Pricing will increase for the new A8, but Audi representatives say the bump will be modest. Given that a V-6–powered 2018 A8 starts at $83,475, we expect the fourth-gen car to begin at less than $90,000. If comfort, ease, convenience, and technological features are the measures of a modern luxury sedan, it’s hard to call the 2019 A8 anything but a win. It’s as silent, effortless, and serene an environment as can be had on four wheels. Few cars offer an escape from the chaos of modern driving as effectively as the 2019 A8—even when it’s not driving itself.
VEHICLE TYPE: front-engine, all-wheel-drive, 4- or 5-passenger, 4-door sedan
ESTIMATED BASE PRICES: 3.0 TFSI, $89,000;
4.0 TFSI, $99,000
ENGINE TYPES: turbocharged and intercooled DOHC 24-valve Miller-capable 3.0-liter V-6, 335 hp, 369 lb-ft + AC motor, 9 hp (combined output, 335 hp, 369 lb-ft); twin-turbocharged and intercooled DOHC 32-valve 4.0-liter V-8, 460 hp, 487 lb-ft + AC motor, 9 hp (combined output, 460 hp, 487 lb-ft)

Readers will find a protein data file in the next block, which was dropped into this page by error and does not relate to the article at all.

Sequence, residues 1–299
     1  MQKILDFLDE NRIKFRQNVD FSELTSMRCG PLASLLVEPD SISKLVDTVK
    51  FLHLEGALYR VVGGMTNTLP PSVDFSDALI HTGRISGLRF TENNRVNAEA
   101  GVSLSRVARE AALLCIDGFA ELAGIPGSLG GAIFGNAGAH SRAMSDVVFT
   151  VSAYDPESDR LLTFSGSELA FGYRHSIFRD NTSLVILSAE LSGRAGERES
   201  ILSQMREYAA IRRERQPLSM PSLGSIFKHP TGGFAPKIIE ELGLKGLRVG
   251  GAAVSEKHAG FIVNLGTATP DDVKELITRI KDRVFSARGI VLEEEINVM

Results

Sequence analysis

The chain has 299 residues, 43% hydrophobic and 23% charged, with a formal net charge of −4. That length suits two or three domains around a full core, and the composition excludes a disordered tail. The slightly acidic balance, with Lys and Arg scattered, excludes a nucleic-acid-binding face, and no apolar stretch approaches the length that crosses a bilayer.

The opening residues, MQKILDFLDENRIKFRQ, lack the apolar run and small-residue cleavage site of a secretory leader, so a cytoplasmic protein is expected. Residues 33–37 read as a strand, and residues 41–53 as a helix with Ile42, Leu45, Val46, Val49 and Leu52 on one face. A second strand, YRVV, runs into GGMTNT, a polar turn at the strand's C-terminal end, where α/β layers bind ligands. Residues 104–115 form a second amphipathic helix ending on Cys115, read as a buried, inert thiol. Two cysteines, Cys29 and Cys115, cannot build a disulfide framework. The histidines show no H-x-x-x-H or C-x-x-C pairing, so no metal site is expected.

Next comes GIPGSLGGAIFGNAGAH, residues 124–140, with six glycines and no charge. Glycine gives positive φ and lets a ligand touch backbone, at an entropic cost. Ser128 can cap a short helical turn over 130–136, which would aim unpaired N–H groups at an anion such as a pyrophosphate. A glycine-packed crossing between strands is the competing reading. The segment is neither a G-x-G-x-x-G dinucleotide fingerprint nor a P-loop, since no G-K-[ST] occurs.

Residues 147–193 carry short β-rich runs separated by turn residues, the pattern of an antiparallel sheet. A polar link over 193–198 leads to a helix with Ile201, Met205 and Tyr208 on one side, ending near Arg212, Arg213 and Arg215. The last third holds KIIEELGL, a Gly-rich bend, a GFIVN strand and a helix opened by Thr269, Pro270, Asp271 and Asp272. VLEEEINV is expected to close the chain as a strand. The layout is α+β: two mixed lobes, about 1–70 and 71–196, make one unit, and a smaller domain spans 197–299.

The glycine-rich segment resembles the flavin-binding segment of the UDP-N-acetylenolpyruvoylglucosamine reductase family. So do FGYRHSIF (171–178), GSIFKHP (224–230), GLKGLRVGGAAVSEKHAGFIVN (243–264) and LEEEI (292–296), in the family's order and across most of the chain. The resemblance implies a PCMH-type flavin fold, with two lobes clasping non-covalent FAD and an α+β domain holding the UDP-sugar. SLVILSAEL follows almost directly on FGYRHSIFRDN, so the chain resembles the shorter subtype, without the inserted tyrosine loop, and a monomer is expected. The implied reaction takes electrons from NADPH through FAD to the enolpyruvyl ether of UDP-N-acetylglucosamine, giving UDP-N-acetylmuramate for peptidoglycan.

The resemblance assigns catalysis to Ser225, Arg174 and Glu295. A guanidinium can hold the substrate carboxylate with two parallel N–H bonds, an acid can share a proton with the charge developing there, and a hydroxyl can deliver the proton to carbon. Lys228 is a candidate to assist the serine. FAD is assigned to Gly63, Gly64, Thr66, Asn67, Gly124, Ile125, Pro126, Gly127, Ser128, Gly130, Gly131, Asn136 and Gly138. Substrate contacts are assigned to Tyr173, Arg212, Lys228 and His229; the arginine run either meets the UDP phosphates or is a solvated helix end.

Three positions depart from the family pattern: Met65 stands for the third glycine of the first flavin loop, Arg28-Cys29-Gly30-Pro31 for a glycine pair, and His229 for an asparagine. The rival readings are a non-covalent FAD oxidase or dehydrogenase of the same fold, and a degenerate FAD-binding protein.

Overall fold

TRANSMISSION: 8-speed automatic with manual shifting mode
Wheelbase: 123.1 in
Length: 208.7 in
Width: 76.6 in Height: 58.6 in
Trunk volume: 18 cu ft
Curb weight (C/D est): 4350-4800 lb
PERFORMANCE (C/D EST):
Zero to 60 mph: 4.0-5.5 sec
Zero to 100 mph: 9.9-13.3 sec
Standing ¼-mile: 12.5-14.0 sec
Top speed: 131-155 mph
EPA FUEL ECONOMY (C/D EST):
Combined/city/highway: 20-24/17-20/27-30 mpg
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V8 2019 audi
Editor’s Note:While Motor1.com’s U.S. edition waits to test the new Audi S8, our friends at Motor1.com Germany have already sampled the new super-sedan in Barcelona, Spain. Check out the full first drive. And note, as Audi USA has already published pricing for the S8, we’ve attached our prices rather than simply converting the German prices.
The model designation sounds like it belongs on a subway line, but the 2019 Audi S8 is significantly faster on the move. According to its creators, it’s “two cars in one” – a luxury saloon and a sports car – packed full of technology. Can the S8 keep this promise?
What is it?
The S8 is the top model in the A8 series as long as Audi's product strategists don't tinker with a W12 (not excluded) or RS 8 (practically impossible). Even a glance at the engine makes it clear the S8 means business. Its twin-turbocharged 4.0-liter V8 packs 563 horsepower and 590 pound-feet of torque. This is, unsurprisingly, the same engine found in the new RS6 Avant and RS7, only with a smidge less power to maintain the gap between the mightiest S model and the angrier RS line.